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Politics chat: Three must-watch races that could turn the Senate


There's a little more than a week left to go before November 8, and federal security agencies have issued an internal bulletin, obtained by NPR, warning about a heightened domestic violent extremist threat environment. This comes just days after Paul Pelosi was injured during an attack in his home in San Francisco. His wife, House Speaker Nancy Pelosi, was in Washington, D.C., at the time. Police arrested the intruder and say the attack was intentional. He was looking for the House Speaker, repeating, where's Nancy? Joining me now to talk about this is NPR national political correspondent Mara Liasson. Good morning, Mara.


RASCOE: This incident has chilled lawmakers - and rightfully so - many of whom have been raising the alarm about the rise in threats against them. That includes Senator Susan Collins, who said she wouldn't be surprised if a member of Congress were killed.

LIASSON: That's right. You know, there have been so many more threats to public officials in the last five years and not just members of Congress. We've seen threats against Supreme Court justices, local election officials, school board members. And there is really this sense that there's a horrifying shoe just waiting to drop. And people who track these threats say there's a connection between the increase in violent apocalyptic rhetoric where political opponents describe each other not as simply people with different ideological views, but as enemies, traitors, people who have to be locked up and hanged. And that kind of rhetoric, combined with someone who's mentally unstable or divorced from reality, leads to more of this deadly violence against public officials.

As you said, Paul Pelosi's attack was an attempted assassination against his wife. The intruder said, where's Nancy? Where's Nancy? That's exactly what the January 6 insurrectionists said as they stormed through the Capitol. And we also know that he reportedly - this suspect reportedly authored a blog filled with references to right-wing conspiracy theories, false claims about the 2020 elections, anti-Semitic and racist ideas, which really fits in with what we know about the vast majority of these threats. There are threats from people who have embraced left-wing rhetoric. There was the Bernie Sanders supporter who opened fire on a Virginia ballfield and wounded House Republican Whip Steve Scalise five years ago. But most of these threats and incidents comes from people associated with right-wing extremist rhetoric.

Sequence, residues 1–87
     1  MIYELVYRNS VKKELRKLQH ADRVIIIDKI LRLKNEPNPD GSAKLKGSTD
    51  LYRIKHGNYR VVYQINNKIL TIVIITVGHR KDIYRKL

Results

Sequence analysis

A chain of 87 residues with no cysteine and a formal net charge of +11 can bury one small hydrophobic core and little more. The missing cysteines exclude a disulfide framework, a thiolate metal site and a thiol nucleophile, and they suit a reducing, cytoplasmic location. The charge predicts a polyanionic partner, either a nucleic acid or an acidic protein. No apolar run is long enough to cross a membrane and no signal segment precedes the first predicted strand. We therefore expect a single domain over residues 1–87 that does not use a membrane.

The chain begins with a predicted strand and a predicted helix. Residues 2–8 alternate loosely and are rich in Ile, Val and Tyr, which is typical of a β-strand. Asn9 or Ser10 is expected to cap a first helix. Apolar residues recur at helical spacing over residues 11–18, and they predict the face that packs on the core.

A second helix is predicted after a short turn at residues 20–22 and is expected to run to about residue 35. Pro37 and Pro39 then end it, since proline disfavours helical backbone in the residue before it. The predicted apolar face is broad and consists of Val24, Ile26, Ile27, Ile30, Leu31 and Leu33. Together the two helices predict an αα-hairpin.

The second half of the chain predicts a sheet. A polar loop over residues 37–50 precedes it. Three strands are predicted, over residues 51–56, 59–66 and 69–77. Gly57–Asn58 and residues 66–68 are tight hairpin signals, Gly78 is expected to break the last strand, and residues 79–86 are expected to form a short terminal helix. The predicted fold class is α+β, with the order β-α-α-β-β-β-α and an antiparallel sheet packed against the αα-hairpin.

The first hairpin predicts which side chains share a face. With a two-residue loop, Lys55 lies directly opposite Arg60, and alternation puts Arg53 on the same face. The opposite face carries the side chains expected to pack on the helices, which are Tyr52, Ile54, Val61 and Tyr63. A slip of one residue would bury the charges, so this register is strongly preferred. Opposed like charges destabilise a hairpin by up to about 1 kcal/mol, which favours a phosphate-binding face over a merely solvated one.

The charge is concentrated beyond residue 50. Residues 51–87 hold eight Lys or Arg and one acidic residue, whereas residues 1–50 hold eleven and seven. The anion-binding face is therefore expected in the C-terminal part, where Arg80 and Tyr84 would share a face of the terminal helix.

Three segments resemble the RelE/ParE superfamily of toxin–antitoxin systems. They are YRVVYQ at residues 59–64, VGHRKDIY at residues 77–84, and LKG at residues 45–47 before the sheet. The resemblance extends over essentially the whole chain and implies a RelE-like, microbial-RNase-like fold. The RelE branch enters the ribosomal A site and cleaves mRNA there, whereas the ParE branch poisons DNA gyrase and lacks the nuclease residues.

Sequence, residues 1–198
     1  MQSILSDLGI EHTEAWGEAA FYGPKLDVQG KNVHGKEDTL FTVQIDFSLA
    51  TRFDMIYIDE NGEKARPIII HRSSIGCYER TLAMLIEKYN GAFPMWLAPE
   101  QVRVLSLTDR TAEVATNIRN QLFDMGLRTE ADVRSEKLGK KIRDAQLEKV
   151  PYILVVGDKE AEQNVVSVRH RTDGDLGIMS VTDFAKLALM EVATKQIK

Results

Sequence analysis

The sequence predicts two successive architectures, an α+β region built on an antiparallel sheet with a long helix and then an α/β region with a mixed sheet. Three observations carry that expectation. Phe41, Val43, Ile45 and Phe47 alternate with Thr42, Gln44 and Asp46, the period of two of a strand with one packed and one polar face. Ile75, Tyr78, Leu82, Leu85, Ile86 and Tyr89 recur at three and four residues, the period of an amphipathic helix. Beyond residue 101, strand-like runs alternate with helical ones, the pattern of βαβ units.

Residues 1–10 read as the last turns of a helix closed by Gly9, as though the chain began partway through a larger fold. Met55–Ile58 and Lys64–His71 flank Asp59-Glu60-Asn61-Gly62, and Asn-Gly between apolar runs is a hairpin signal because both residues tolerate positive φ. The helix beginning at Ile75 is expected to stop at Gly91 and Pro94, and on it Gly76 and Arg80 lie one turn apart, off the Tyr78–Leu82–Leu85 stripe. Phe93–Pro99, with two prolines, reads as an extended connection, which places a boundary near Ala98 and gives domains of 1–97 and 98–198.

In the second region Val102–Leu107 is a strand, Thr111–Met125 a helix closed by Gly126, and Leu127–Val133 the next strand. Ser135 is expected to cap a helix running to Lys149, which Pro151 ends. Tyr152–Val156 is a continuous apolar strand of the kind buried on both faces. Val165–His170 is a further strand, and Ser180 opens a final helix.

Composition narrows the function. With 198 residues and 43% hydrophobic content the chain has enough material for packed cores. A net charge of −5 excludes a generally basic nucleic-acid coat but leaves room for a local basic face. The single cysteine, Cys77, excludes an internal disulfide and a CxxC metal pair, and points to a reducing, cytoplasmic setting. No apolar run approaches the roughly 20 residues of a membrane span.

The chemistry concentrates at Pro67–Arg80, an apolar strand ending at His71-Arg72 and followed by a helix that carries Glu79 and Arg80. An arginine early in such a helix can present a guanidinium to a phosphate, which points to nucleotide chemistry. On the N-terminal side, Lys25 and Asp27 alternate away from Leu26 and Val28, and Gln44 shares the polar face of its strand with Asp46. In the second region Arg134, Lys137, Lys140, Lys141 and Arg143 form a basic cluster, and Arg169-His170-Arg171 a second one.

RASCOE: And so, I mean, we're at this particularly divisive moment when it comes to the midterm elections, right?

LIASSON: We certainly are. This has been a real roller coaster of an election cycle. The big question is, will this be a normally bad election for the party in power, the Democrats, or a spectacularly bad election? I guess the weather report for Democrats is cloudy with a chance of a tsunami. You know, we've seen a lot of swings of the pendulum. Originally, it looked like a terrible cycle for Democrats. Then after the Supreme Court overturned Roe v Wade, Democrats thought that they had a little bit of an advantage. But now it looks like the fundamentals have really clicked back into place. Voters are more worried about the economy and inflation than they are about abortion rights. And polls are showing Republican momentum. But gas prices have been going down for three weeks. So the question is, is there time for yet another swing of the pendulum before Election Day?

RASCOE: So, I mean, what about those polls, Mara? Because, you know, in the past it has seemed like they have been off. So how much faith should we put in them at this point?

LIASSON: Well, that's a very good question. Remember, polls are just a snapshot in time. They are not meant to be predictors about what's going to happen even a week from now. And in the past, polls have gotten a lot of things wrong recently. Sometimes they get the direction of the race wrong. Most often, they get the margins wrong. And it's much harder to poll Senate races than House races in a midterm. But in the past, we know that pollsters have underestimated the number of white, noncollege voters in the electorate. That means they've undercounted Republican voters. They've tried to correct for that. But the problem for the polling industry in general is that people - more and more people just don't want to talk to pollsters.

RASCOE: OK. In the 30 seconds we have left, the Senate, the - in the Senate, the loss of one seat would flip control of the Senate to the Republicans. What races should we be looking for, you know, to decide that?

LIASSON: I think the key three races are Nevada, Pennsylvania and Georgia. Whichever party wins two of those three races will have the majority in the Senate in January.

RASCOE: That's NPR national political correspondent Mara Liasson.

Thank you so much, Mara.

LIASSON: You're welcome. Transcript provided by NPR, Copyright NPR.

Ayesha Rascoe is a White House correspondent for NPR. She is currently covering her third presidential administration. Rascoe's White House coverage has included a number of high profile foreign trips, including President Trump's 2019 summit with North Korean leader Kim Jong Un in Hanoi, Vietnam, and President Obama's final NATO summit in Warsaw, Poland in 2016. As a part of the White House team, she's also a regular on the NPR Politics Podcast.
Mara Liasson is a national political correspondent for NPR. Her reports can be heard regularly on NPR's award-winning newsmagazine programs Morning Edition and All Things Considered. Liasson provides extensive coverage of politics and policy from Washington, DC — focusing on the White House and Congress — and also reports on political trends beyond the Beltway.